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I recently listened to the audiobook The Creative Fire by Clarissa Pinkola Estes, in which she discusses the cycle of creativity.
Most people think of the artist as being moved by flashes of inspiration or asking for a blessing by the muse. Estes explains that creativity moves in a continuing pattern of rising and falling. This has been my experience of creativity.
After I completed the painting "Boann: transformation of a goddess" I felt I had reached a zenith. I felt inspired by this new insight into my artwork and I felt wiser and more aware as a result as well. It wasn't long before I felt a slow decline from this highpoint. My creative work slowed. While I felt more connected to the spirit of the work than ever, my connection to the act of painting felt strained. Suddenly, that light of inspiration grew dim.
The Morrigan is a dark figure in Irish Myth, probably even predating the arrival of the Celts in Ireland. She was a goddess of fertility, the controller of death itself, and later became associated with war. How could a fertility goddess be connected to death? It seemed strange to me at first. But it doesn't take much introspection to realize how growth is preceded by death and decay. Land is made fertile by the decayed plants and animals that enrich the soil. A fertile mind is enriched by the knowledge absorbed. A fertile body is nourished by the breaking down of nutrient-rich foods taken in.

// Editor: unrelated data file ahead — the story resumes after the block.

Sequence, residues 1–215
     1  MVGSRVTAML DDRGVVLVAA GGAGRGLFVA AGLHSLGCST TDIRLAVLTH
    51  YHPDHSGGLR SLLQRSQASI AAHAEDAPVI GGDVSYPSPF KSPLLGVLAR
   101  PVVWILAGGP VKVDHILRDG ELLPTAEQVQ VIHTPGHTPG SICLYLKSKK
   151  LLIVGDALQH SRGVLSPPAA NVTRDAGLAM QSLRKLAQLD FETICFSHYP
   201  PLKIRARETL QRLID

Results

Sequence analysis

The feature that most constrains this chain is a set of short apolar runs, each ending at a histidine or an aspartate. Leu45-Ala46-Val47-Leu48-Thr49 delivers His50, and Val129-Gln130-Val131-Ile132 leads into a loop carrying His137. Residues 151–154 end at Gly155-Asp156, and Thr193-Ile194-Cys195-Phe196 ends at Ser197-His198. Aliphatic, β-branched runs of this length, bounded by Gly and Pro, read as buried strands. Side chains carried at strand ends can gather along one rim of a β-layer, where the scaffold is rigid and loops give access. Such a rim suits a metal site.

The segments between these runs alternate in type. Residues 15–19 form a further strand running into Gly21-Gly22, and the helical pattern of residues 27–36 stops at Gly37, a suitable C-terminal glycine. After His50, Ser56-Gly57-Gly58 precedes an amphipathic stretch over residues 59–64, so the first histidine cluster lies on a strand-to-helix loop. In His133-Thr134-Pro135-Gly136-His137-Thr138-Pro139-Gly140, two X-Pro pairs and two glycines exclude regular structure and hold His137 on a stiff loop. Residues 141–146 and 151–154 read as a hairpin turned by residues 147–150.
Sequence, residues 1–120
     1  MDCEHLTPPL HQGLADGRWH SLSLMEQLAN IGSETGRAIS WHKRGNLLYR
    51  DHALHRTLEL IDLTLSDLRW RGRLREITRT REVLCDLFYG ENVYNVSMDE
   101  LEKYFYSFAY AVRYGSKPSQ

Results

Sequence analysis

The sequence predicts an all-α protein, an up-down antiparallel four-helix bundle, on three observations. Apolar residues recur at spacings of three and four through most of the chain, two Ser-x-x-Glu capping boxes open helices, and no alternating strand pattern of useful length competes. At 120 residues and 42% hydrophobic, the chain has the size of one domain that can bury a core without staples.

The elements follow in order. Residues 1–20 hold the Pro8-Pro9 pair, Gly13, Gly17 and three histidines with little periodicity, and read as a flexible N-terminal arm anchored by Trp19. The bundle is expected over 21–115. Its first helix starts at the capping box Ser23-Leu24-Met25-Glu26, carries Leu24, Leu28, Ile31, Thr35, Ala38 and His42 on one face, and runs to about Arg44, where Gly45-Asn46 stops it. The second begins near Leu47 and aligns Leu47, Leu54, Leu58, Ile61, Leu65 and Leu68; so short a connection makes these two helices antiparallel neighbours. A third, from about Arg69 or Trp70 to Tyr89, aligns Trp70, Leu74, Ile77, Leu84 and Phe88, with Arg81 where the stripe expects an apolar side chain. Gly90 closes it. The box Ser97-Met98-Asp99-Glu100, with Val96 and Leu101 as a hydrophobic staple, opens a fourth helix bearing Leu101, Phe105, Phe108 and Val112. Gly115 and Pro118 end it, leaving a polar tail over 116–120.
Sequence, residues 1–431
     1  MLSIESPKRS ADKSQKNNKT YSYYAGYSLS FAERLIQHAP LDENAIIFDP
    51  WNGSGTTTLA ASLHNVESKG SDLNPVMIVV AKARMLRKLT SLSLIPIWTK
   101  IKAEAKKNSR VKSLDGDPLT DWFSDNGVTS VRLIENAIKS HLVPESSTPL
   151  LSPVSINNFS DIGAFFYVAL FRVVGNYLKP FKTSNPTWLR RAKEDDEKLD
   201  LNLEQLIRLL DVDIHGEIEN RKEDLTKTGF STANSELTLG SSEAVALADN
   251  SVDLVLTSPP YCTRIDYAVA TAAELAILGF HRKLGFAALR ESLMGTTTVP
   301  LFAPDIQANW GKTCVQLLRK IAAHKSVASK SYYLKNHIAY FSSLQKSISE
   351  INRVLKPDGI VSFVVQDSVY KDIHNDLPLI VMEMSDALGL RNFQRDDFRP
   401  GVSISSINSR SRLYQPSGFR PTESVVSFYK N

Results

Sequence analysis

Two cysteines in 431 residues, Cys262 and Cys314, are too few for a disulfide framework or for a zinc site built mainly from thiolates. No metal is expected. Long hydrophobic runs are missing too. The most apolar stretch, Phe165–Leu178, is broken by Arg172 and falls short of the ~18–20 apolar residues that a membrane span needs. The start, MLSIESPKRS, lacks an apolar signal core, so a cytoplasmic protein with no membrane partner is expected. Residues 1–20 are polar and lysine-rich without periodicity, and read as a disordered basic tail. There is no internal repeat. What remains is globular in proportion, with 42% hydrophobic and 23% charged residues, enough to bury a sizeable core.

The creative process is likewise nourished by a period of decline, a period of darkness that is the opposite of that outward expression of the flash of inspiration. Without this period of quiet, without this symbolic death, the creative expression loses fertility and richness. Estes uses the Demeter/Persephone myth from the Ancient Greeks as an excellent metaphor for the creative cycle, even making astute distinctions between the way the myth differed in Pre-Helenistic and Post-Helenistic Greece.
This analysis of the creative cycle can be used by artist and non-artist alike. For we all go through a period of darkness in varying levels throughout our lives. From waking at daybreak, after having slept in the dark of night, to the coming of spring after the death of Fall and Winter's sleep, to the ups and downs of any one of life's situations. "The Morrigan: The Dark Mother" taught me that there is a huge difference in outcome when one embraces the coming dark, rather than fearing it and trying to push it away. No matter what, the dark times will come; we have no choice. But we can choose how to move through the dark times. We can enter with awareness and grace, coming out of the experience like the spring sprouts bursting from seeds planted in the fall, with determination and filled with the joy of creation itself.